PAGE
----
Flying at the Proper Altitude

Published September 2017

Your good work has been noticed! Now you’re sitting in your boss’s office as she and a representative from HR explain an offer for a supervisory position that they’d like you to consider. It all seems a bit surreal. You try to focus on their message as your mind races with thoughts of both excitement and anxiety.

Several potential challenges await you with your promotion:

  • Learning technical aspects if leading a new or broader area
  • Managing former peers
  • Tactfully coaching employees on areas for growth
  • Gaining awareness of the legalistic considerations of managing people

Based on my personal experience, however, perhaps the most significant adjustment is the fundamental change from accomplishing things personally to accomplishing things through others. Let’s face it … at least one of your traits that caught management’s eye was your ability to get things done.

You’ve been Super Doer! That’s partly what got you the promotion. So the natural tendency is to continue doing what’s been successful … just do more of it.

But now you need to become Super Developer. That’s easier said than done, especially if you are now managing the area where you cut your teeth. That’s because, in the short term, it will often be more efficient to just do something yourself. But it is almost always more effective to develop others to do it and to grow them in the process.

The math is pretty simple. Let’s say you inherit responsibility for a team of 10 average employees. Each has a productivity of 1.0. If you focus on “doing”, perhaps you realize a personal productivity twice that of a typical employee (2.0). The sum output for you and your team is 12 (10 x 1.0 + 2.0).

But if you focus your attention on building your team (helping them recognize waste, confidently solve problems, learn new skills) you may double the productivity of each individual. Now the sum output for your team is 20 (10 x 2.0). It’s not even close.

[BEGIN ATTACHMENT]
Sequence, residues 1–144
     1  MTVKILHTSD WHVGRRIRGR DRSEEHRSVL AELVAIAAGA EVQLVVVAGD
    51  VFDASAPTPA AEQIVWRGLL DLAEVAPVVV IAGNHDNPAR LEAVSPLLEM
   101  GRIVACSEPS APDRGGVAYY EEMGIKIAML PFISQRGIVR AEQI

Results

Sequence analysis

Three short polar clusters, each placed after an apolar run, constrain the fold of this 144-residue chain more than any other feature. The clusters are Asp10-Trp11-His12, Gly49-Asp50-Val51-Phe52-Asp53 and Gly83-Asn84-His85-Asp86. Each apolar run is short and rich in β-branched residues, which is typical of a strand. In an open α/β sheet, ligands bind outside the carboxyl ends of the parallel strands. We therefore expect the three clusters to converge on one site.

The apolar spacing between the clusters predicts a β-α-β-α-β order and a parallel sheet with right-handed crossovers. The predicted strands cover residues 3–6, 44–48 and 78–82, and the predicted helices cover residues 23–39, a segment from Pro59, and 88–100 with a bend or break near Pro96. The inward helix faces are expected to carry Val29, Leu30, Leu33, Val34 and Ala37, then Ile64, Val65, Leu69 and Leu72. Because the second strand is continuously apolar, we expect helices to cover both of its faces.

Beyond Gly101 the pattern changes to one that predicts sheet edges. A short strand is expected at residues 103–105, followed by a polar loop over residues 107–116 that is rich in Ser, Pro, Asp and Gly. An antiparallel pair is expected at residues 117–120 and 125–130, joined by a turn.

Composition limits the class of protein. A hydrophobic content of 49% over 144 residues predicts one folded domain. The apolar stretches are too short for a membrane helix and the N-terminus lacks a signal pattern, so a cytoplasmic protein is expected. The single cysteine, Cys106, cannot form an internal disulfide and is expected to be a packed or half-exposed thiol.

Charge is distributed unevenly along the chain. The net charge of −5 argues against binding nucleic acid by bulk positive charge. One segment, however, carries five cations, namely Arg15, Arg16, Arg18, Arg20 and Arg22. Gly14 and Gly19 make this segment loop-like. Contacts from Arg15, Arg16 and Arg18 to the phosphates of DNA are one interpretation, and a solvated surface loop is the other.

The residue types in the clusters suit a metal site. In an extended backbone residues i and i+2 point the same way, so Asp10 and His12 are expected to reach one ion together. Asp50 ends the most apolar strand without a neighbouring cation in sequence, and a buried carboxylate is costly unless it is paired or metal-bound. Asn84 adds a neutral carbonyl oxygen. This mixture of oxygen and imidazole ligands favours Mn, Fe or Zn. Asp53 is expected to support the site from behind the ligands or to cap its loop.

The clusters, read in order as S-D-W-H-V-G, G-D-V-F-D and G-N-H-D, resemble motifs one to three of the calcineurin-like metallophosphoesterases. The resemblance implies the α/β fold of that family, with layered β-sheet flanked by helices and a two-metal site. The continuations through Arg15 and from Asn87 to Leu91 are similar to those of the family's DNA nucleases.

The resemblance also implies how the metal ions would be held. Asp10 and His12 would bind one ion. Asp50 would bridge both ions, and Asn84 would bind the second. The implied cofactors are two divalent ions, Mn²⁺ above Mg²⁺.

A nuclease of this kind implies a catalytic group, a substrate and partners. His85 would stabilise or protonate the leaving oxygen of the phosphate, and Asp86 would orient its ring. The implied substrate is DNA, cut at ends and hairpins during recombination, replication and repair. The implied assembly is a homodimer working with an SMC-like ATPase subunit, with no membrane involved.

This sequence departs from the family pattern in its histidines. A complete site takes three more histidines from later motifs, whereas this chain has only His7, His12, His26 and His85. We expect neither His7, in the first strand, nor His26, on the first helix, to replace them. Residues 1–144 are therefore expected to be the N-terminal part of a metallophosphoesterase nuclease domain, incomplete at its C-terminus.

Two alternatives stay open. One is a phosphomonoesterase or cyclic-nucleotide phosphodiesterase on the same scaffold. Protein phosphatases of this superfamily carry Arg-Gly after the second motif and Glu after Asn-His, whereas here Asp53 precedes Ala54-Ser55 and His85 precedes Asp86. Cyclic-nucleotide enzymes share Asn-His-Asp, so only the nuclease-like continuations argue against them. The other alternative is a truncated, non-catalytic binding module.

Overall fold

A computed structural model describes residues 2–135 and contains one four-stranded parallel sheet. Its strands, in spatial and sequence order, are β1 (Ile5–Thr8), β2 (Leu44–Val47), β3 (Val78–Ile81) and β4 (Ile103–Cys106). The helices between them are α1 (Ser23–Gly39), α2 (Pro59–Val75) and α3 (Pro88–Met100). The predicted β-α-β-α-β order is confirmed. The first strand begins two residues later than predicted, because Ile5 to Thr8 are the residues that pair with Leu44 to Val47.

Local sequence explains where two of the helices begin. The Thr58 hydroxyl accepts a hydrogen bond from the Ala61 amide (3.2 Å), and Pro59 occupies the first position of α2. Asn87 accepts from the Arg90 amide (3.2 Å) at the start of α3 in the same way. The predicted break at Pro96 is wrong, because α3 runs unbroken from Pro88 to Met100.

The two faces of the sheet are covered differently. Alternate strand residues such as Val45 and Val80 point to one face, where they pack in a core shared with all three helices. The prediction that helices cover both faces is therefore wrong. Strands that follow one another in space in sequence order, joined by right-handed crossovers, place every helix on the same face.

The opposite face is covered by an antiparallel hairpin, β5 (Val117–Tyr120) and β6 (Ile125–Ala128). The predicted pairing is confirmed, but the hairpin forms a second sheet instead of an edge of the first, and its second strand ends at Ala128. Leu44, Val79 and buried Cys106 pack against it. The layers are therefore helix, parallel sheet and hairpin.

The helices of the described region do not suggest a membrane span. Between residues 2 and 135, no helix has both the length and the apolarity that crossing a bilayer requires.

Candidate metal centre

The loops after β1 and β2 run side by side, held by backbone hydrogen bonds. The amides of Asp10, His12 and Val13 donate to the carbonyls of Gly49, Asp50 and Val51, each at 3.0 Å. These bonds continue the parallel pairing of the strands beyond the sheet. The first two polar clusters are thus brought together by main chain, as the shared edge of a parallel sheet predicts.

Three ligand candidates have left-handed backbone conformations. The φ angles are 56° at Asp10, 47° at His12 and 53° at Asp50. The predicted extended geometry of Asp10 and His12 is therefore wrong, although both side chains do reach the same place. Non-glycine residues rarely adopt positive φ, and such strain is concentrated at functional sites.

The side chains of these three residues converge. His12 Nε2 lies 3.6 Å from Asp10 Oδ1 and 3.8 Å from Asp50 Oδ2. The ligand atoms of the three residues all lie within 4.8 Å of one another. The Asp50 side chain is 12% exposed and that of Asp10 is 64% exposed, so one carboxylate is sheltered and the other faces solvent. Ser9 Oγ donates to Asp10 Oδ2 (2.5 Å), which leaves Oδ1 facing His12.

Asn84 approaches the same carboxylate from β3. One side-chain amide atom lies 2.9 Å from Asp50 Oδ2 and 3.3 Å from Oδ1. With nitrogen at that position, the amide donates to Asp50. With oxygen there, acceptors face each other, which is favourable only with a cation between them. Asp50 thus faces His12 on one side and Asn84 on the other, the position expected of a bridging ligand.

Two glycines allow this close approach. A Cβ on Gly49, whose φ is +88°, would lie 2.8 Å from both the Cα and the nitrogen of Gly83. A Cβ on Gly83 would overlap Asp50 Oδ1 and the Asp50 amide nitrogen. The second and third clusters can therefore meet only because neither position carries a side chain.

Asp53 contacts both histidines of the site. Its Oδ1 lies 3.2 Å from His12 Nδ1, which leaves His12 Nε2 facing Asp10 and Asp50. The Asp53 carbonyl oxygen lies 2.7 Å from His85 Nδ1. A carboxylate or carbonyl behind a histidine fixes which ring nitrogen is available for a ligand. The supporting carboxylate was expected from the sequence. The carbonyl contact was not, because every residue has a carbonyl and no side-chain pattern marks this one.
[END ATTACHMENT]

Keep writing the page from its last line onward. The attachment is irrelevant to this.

But this goes way beyond productivity. By increasing their skills and providing challenging work and appropriate recognition, you’ll have a more engaged team as they sense their personal growth and value increasing. That results in less turnover and greater innovation.

An analogy I like to use is finding the proper altitude to fly. Front line positions require folks to be at ground level in the details, similar to “walking the beans.” Front line supervisors typically fly at very low altitudes similar to crop dusters. They are still close to the daily action, but influence a much broader area than the employees they supervise. Depending on the size of the organization, senior executives need to be cruising at a much higher altitude, determining what’s going on in grain markets, job markets, monitoring technology changes, and determining the strategy for next year’s crops.

The trick is that events dictate that the appropriate altitude for managers and supervisors is constantly changing. A crisis necessitates that leaders drop down to ensure that customers are properly taken care of and that systemic issues behind the crisis are identified and corrected.

But just as gravity constantly pulls planes toward the ground, most managers (including myself) are constantly pulled to a lower level of activity than is appropriate. We tend to confuse a real crisis (The building is on fire!) with a perceived crisis (Someone burned popcorn in the microwave again!). It takes constant self-awareness, courage, confidence and calmness to keep the plane at the correct altitude.

A key ongoing decision for every organization is, “Who should be making this decision?”

Following that discussion in your boss’s office, guidance for flying at the appropriate altitude for your new position should be included in the transition plan. It’s an essential ingredient to ensure you earn your wings.

Back to the Working Great! archives

View the PDF version:

Check out the Working Great! archives for columns on other pertinent business issues

Copyright 2017 Brimeyer LLC. All Rights Reserved.